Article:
Missouri facing pediatric behavioral health crisis; hospitals running out of beds for kids | St. Louis News Headlines

ST. LOUIS (KMOV.com) — Missouri hospitals are struggling to keep up with demand for mental health services for children. The St. Louis Children’s Hospital said it has had to move some children to different floors because the behavioral health unit is full.

Trish Lollo, president of St. Louis Children’s Hospital, said they see between eight and 15 children a day because of behavioral problems, including suicide attempts, eating disorders, anxiety and psychosis.

“It’s absolutely heartbreaking and it’s even scarier for the patients and their families,” Lollo said.

Lollo said that due to high demand, some children have to wait more than 24 hours in the emergency room for a bed to open in the behavior department. Lollo said waiting for the emergency room can make the patient even more anxious.

Parents like Diana Pruitt are concerned about the impact COVID-19 has had on children’s mental health.

“They weren’t able to hang out with their friends, especially my daughter,” Pruitt said.

COVID-19 restrictions, like many other children, made it difficult for her daughter: the school closed, her activities stopped, socialization ground to a halt.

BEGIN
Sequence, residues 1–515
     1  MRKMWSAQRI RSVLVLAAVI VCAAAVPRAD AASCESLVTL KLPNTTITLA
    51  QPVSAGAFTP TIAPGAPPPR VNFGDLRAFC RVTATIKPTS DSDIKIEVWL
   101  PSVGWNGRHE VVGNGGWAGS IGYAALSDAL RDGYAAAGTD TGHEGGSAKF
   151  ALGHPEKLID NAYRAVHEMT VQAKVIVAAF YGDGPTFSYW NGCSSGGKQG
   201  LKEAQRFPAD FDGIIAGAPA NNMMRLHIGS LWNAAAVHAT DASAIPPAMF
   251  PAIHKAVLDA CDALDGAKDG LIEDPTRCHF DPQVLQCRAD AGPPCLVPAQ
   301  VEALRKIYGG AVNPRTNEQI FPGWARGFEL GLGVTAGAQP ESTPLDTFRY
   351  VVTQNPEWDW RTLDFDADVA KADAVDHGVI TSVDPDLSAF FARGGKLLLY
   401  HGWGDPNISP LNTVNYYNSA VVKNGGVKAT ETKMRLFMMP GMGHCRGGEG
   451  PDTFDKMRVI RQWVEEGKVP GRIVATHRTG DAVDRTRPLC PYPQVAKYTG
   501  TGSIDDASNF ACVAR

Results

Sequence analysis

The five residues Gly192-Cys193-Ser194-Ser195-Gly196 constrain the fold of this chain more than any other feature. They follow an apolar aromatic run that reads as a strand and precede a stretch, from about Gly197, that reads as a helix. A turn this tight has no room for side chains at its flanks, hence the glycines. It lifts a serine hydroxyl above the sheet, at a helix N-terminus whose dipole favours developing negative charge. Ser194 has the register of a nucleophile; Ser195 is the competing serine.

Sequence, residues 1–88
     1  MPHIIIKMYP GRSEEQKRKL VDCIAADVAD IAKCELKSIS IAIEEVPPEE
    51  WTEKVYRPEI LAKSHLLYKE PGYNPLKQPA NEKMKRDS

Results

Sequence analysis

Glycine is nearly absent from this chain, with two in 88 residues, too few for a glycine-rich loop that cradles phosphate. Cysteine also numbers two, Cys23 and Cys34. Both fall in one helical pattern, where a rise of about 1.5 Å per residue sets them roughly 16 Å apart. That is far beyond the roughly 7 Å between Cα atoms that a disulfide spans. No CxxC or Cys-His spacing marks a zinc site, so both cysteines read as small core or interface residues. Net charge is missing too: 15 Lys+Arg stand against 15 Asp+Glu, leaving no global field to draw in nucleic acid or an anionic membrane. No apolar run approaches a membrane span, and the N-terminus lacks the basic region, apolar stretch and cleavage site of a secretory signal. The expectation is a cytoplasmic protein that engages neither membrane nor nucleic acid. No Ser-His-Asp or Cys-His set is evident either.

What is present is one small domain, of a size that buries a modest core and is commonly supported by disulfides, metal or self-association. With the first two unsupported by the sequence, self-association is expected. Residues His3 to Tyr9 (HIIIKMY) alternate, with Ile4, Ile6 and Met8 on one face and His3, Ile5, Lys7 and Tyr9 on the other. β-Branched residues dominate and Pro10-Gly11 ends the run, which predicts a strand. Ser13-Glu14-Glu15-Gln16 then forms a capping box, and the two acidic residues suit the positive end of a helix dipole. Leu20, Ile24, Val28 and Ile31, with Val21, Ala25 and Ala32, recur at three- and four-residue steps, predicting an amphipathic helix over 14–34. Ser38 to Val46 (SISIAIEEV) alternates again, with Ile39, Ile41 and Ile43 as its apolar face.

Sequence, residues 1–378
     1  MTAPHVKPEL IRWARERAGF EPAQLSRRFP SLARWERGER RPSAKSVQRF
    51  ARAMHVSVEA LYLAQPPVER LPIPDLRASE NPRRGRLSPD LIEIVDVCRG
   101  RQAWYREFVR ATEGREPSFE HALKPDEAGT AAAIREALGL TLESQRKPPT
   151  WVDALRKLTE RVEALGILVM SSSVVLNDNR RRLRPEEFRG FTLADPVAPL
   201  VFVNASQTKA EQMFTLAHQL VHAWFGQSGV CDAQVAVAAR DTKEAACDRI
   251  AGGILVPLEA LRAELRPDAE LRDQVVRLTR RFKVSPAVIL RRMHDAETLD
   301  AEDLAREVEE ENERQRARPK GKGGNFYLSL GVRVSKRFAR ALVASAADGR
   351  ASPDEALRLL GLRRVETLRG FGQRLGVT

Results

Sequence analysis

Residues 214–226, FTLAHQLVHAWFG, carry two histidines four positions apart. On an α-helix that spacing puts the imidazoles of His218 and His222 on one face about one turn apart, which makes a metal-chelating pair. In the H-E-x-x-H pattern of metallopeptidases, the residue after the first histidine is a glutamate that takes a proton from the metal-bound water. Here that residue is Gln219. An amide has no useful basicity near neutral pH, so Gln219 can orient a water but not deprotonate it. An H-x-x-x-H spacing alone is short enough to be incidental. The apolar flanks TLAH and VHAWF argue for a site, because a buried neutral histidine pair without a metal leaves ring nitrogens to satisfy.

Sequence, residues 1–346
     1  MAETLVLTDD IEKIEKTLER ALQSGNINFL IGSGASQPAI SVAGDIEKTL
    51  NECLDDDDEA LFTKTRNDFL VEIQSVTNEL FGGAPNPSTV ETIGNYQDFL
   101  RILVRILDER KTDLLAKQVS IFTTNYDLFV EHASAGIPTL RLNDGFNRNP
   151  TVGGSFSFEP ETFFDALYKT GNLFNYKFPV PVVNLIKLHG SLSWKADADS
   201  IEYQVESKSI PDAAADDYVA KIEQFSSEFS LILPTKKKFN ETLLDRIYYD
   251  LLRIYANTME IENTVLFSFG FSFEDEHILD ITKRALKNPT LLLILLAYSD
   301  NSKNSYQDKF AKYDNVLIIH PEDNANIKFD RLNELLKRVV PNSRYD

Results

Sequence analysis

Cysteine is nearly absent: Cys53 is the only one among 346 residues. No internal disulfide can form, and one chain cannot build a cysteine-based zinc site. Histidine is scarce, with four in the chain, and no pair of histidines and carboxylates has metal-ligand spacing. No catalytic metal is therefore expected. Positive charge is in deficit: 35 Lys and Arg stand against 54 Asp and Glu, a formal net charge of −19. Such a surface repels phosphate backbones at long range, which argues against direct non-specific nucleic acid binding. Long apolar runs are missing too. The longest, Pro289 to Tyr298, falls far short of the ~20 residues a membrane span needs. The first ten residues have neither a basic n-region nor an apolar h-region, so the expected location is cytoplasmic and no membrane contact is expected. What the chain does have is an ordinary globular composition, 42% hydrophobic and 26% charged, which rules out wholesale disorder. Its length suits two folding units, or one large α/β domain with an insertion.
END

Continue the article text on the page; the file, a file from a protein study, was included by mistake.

Statistics show that this statewide mental health crisis was already brewing well before the pandemic.

Nationally, the suicide rate for children aged 10 to 24 rose 60 percent from 2007 to 2019. The number of emergency room visits for suicide attempts in children’s hospitals doubled from 2008 to 2015. The coronavirus pandemic exacerbated those troubling trends.

“While COVID-19 was not necessarily the problem, everything we did was to control the spread of the virus, which we believe will have long-lasting effects in the future and ultimately their mental health,” Lollo said. .

The impact is being felt in hospitals across Missouri. SSM Health said the new behavioral health emergency department in northern St. Louis County has seen a more than 50 percent increase in children and adolescents requiring assistance.

Lollo said there are now about 30 percent more children arriving in the emergency room at St. Louis Children’s Hospital compared to pre-pandemic.

She believes that working with other hospitals and agencies is the answer to the mental health crisis.

“By working together, I have hope that we can turn this around,” Lollo said.

There are several resources available for mental health care. Find out more here.

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